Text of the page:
(Standard spoiler disclaimer applies to Gravity.  This post is revised and expanded from my original review/rant.)

IIt’s always a weird feeling to dislike a beloved prestige film.  I have to wonder what everyone else saw in it that I didn’t, and sometimes it’s hard to even pin down the problem that I have with it.  Of course, with Gravity, I didn’t just dislike it, I despised it, and I know exactly why.  Part of it might just be my being a misanthropic jerk, but I have science to back me up.  And I’m not talking about the film’s horrible excuse for astrophysics, either.

The film starts out on a space walk where George Clooney’s commander is a genial chatterbox, there’s a redshirt who’s just thrilled to be there, and Sandra Bullock’s character Ryan Stone is slightly ill and completely wooden, no hints of a personality at all.  Then shit goes bananas, right then and there.  Everyone’s instantly thrown into mortal danger, which okay, but I don’t know who any of these assholes even are and thus have no vested interest in what happens to them.  Yeah, people die.  It happens.  Oh, some people inside the shuttle died?  Might have been heartbreaking if I knew they existed before that second.

Like I said, I’m probably kind of a bitch to think this, and I won’t deny that.  But see, there’s this concept called Dunbar’s number, also colloquially known as the monkeysphere.  It posits that there’s a limit on how many people you can actually conceive of as people before your brain starts looking for other ways to label them, and there’s quite a lot of research to back it up.  You know the saying, “One death is a tragedy, a million deaths is a statistic”?  That’s the monkeysphere.  Your brain is not physically capable of scaling empathy without cutting corners, because your brain is a lazy son of a bitch.

This might not be the case for people who don’t consume as much media, but heavy readers–like, for instance, agents, editors, reviewers, and everyone else who’s critical to the creation and success of a novel–get introduced to a lot of characters in their lives.  Since that’s not exactly the same as a close, personal relationship with a non-fictional person, it doesn’t quite tax the brain in the same way as defined under Dunbar, but there’s still an upper bound.  That means that the characters in a new work all start outside the monkeysphere, and something has to bring them inside.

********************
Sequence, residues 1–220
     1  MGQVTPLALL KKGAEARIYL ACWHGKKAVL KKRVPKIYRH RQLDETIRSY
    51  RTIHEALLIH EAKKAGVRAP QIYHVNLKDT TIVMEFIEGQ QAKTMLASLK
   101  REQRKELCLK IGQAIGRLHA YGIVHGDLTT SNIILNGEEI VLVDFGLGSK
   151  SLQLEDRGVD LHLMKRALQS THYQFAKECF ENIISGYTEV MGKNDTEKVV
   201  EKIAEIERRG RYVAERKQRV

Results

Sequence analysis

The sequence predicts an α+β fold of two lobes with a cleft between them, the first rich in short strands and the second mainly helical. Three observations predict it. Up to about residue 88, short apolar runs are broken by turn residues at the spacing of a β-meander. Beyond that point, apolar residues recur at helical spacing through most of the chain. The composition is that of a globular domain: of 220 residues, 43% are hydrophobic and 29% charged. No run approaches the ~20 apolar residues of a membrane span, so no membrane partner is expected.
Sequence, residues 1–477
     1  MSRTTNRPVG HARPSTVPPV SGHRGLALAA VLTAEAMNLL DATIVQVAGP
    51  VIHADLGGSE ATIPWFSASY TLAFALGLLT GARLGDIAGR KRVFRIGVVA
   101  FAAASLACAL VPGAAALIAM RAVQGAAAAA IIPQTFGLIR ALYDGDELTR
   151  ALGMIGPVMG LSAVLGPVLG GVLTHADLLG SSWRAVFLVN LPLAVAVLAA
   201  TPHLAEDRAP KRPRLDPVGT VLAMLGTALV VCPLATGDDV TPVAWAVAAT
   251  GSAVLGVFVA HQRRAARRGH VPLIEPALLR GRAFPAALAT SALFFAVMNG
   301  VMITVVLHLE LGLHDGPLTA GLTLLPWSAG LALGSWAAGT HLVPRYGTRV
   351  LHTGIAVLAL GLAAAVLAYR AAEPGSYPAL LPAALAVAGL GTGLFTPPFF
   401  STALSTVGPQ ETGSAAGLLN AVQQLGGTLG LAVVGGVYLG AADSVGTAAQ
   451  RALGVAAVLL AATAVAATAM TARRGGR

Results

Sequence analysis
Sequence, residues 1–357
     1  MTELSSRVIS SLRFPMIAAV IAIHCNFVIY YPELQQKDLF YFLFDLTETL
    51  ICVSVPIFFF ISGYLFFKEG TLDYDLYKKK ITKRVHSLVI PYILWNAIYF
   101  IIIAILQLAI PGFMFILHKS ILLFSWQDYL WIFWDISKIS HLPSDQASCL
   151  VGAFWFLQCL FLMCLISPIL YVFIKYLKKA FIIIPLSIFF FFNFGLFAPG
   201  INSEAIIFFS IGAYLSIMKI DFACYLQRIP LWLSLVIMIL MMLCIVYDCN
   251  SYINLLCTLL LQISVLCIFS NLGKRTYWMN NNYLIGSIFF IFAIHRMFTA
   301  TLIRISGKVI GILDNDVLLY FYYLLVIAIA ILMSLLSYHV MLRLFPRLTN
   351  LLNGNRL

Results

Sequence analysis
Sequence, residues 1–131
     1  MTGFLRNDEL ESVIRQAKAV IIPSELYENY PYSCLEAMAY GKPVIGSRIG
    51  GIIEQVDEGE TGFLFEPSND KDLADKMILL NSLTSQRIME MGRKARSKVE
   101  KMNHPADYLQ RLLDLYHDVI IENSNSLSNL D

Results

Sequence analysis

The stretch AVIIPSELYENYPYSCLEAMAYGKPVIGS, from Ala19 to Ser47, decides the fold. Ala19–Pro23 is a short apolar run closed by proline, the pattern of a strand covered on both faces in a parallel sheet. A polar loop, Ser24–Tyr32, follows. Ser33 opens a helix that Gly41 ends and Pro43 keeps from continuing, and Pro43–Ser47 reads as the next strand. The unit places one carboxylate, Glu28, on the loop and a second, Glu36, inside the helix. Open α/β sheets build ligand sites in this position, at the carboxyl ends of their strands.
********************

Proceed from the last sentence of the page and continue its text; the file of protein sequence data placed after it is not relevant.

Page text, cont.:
This is why three-act structure exists.  You don’t have to hew to it exactly, but it’s common because it’s effective, because it lines up with how our brains work and respond to things.  One of the major established beats is the inciting incident, the moment where everything changes.  But see, you can’t recognize change if you don’t know the original state.  That’s why experiments need control groups and baseline data, and that’s why you have to be extremely careful about opening with the inciting incident.  Even in novels where it does work (The Nightmare Dilemma springs to mind), that moment doesn’t happen on the very first page, so there’s been some time to introduce the character and the world, to start cracking the shell of the monkeysphere.

Now, movies will try to get around this by trading on your familiarity with an actor so they don’t have to work as hard to create a connection to the character.  That’s clearly what Gravity is going for when it gives only a cursory introduction to its characters, that we’ll be rooting enough for Sandra Bullock that we don’t notice that Ryan Stone is pretty much a non-entity and only the object of our concern because protagonist.  Unfortunately, I can’t say that I had that kind of connection with Ms. Bullock, which might not have been a problem were this not a castaway movie where 100% of the tension is based on concern for her survival.  Combined with the repetitive tedium of the dangerous setpieces (Hey, we escaped the destruction of one space station!  Let’s celebrate by escaping the destruction of a second one!), by the end I was actively rooting for her to die.

(The character, not the actress.  Despite the title of this post, I’m sure Sandra Bullock is a lovely person and I wish her no ill will, and please don’t sue me.)

It’s tempting to just dive in and get to the good stuff, but give us a glimpse of normal before you throw us into chaos.  Remember that your audience is going to be filled with jaded misanthropes like me, and you have to put in the work to make us care.  “Because protagonist” is not sufficient.

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